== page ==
Review: Kilter ‘Sys’ EP
A new development is happening in the world of music, and specifically in the realms of metal and jazz. Until recently, there have been the occasional band that experiments by incorporating elements from jazz and metal into their sound. Now though, it’s happening more often, there are scenes forming, multiple bands devoting their entire style and careers to this type of creation as a main focus. It’s becoming something very real as a new sound and the number of possibilities in what can be composed is fascinating. Music has its effects on culture and there will be interesting changes in the inner-workings of each of the scenes involved, both fans and artists alike.
At the forefront of this genre is a heavy, very impressive and seriously interesting trio who truly are paving the way to take a firm and lasting hold. Their name is Kilter. A class act and the ideal group for what they’re doing as the scene unfolds. They bring a mammoth amount of elements from both the metal and jazz worlds, using the prime examples of what makes metal very like-able to its fans and skilfully making it new and thrilling by mixing many properties of jazz for an entirely fresh sound that listeners, from many different walks of life, will find themselves eventually obsessed with.
Based in Brooklyn, Kilter is composed of Ed Rosenberg III on baritone sax, Laurent David on bass and then Kenny Grohowski on drums. Kilter are not your average group of musicians. Each member is a top-notch player and have a new EP scheduled for release June 25th named Sys that’s a three song, instrumental work of magnificent proportions.
Beginning the record is a track that is a slightly new venture for the band delving into a prog-metal territory by way of melodic patterning, and it is named Sentient Robotics. The instrumentation on the song is pure listening euphoria in its arrangement with highly technical rhythmical parts. Think of the magnitude of guitar players like the great Ron Jarzombek, or a darker, heavier Alan Holdsworth. Then imagine either of these two prog legends piecing together parts for the band Tool with the technical virtuosity of the jazzier parts of Zorn’s Naked City group. Then instead of guitars or alto saxophone, you’ve got the choice inclusion of a bass sax with its powerful low register and you’re getting the idea of the magnitude in splendorous sound these musicians are creating.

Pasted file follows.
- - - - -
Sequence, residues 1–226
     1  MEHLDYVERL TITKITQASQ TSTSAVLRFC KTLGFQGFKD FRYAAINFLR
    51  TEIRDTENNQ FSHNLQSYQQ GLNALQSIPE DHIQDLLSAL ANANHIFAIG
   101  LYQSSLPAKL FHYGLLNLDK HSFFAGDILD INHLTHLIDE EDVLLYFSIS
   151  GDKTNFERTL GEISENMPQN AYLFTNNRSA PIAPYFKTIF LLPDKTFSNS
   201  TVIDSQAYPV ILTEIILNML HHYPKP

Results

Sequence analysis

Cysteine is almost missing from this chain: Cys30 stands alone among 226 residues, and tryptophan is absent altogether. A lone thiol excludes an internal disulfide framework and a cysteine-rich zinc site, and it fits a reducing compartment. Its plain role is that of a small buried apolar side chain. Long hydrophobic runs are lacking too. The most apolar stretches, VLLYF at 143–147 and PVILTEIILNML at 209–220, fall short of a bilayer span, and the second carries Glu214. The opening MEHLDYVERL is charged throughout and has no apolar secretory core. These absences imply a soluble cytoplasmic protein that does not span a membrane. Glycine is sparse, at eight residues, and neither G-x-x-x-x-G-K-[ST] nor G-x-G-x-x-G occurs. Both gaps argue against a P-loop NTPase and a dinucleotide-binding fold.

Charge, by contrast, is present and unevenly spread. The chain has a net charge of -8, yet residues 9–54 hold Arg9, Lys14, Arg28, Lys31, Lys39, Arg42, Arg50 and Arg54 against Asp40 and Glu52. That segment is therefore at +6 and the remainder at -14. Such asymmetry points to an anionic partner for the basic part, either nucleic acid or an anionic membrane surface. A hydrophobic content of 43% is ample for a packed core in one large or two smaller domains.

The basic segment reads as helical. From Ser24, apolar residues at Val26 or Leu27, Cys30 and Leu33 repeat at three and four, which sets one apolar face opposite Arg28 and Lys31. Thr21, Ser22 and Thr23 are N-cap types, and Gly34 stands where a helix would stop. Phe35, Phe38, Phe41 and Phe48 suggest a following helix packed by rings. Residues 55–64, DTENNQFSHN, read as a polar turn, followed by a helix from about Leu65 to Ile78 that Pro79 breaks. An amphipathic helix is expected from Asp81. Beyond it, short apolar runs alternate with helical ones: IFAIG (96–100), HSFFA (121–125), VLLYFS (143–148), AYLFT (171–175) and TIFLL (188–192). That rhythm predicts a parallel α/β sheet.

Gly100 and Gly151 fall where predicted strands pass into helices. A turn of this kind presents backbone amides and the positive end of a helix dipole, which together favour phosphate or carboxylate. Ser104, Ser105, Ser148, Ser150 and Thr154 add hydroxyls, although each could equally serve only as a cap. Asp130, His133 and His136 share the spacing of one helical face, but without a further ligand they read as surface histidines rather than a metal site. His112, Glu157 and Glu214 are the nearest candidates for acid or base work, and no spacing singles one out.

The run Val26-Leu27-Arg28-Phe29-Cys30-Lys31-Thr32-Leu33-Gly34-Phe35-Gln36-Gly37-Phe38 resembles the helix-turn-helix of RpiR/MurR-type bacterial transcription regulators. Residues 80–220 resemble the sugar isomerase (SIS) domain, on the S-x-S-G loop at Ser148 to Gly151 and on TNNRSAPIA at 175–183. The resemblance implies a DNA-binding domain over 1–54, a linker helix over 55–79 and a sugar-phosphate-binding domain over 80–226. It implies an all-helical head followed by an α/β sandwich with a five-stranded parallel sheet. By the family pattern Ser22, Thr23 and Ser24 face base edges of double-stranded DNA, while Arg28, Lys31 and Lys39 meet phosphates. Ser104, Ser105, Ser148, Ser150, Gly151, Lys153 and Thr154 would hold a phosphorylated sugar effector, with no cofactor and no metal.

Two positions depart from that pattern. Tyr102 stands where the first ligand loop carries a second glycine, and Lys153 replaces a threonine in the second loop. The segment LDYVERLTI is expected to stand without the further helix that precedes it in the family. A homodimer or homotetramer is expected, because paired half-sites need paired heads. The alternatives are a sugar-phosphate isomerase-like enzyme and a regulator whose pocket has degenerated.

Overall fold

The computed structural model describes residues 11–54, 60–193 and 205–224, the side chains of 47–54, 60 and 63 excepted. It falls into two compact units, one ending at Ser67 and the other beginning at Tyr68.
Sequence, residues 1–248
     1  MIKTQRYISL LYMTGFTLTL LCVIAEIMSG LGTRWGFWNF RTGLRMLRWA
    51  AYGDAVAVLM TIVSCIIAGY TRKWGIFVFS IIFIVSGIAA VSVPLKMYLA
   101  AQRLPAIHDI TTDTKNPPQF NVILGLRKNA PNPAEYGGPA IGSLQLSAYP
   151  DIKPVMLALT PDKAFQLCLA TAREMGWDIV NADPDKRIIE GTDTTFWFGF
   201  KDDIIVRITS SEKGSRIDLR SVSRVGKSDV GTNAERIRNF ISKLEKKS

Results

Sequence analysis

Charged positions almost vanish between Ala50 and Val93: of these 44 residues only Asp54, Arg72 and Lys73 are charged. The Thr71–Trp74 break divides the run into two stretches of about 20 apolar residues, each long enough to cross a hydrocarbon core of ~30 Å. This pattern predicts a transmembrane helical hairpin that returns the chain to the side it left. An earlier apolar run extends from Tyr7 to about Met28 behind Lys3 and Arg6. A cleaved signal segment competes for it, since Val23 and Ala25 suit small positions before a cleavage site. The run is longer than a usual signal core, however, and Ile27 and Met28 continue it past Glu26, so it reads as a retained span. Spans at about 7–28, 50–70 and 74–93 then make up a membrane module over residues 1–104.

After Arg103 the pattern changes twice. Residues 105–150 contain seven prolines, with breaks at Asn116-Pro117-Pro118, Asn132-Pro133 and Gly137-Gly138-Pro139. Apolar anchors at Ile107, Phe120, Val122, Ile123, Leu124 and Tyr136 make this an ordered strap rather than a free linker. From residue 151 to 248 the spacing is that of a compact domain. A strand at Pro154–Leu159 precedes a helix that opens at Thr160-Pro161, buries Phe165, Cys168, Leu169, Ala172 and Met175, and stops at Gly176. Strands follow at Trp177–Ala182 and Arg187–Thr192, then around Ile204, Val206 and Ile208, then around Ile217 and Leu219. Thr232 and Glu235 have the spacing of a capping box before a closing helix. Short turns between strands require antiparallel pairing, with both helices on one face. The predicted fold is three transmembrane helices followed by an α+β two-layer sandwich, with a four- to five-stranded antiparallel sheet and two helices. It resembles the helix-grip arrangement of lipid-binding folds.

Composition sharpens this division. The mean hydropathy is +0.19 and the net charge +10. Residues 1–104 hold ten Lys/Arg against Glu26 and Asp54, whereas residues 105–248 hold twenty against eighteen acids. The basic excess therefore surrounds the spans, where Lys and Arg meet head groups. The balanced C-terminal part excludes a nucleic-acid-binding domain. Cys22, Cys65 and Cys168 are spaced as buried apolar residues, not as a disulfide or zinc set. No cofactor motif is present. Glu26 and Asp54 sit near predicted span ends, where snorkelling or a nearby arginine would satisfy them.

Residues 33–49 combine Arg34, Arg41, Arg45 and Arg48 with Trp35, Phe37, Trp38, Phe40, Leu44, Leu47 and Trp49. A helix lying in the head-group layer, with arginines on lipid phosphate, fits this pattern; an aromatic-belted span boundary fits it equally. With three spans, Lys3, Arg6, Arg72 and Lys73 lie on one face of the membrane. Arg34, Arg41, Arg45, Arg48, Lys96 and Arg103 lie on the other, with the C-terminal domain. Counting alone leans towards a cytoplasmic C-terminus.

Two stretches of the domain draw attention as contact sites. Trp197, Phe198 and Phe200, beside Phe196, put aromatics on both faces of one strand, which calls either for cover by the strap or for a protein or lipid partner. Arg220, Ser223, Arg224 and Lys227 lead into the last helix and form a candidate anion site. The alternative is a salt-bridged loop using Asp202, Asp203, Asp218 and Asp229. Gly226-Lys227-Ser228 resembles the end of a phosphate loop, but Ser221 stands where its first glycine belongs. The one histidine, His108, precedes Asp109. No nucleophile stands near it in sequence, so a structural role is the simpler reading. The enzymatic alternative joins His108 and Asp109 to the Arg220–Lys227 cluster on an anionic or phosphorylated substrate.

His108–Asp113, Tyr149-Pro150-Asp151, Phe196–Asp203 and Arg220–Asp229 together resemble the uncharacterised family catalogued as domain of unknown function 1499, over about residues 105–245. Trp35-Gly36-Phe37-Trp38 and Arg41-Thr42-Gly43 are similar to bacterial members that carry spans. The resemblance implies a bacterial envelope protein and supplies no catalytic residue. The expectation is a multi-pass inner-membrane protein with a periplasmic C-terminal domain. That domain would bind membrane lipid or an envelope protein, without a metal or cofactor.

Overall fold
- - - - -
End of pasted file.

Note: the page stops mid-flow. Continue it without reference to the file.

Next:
Any fan of potent metal and jazz will find the music of Kilter utterly absorbing and engrossing…
For the next song, The Turing Test, the band change intensity from fast paced to a slower delivery but keeping the song within the framework of complexity by adding a tasteful mix of jazz to this slab of musical brilliance. Brought to mind here is what many of the greats in traditional jazz do giving instruments moments of focused energy. It definitely holds its weight in appeal. The sound is a moody, grimly dark piece that has a kind of feel of what others in this genre are doing with dark jazz, giving it a doom jazz vibe.
The third song Mind-Body Problem is a track that gives one the impression that a lot of improvisation was involved in its creation. It really tests the listeners attention span as a lot is happening. Rapid bass work can be heard with baritone sax playing with great conception, elaborately passing through well placed progressions, and then drumming that sounds very much like it could have been inspired by the overwhelmingly, and brutally difficult drumming of the band Sleep at their heaviest.
Kilter‘s Sys is startlingly addictive to say the least. The band is treading new ground, literally being one of the lone wolves creating an entirely new sound blending two very distant worlds together. Any fan of potent metal and jazz will find the music of Kilter utterly absorbing and engrossing. For those searching for excellent upcoming metal releases and want to hear something that is far above the average release in exceptional quality, Kilter‘s Sys is sure to satisfy any, and all, expectations of what you’ve been hoping to find.
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Scribed by: Maxwell Seeman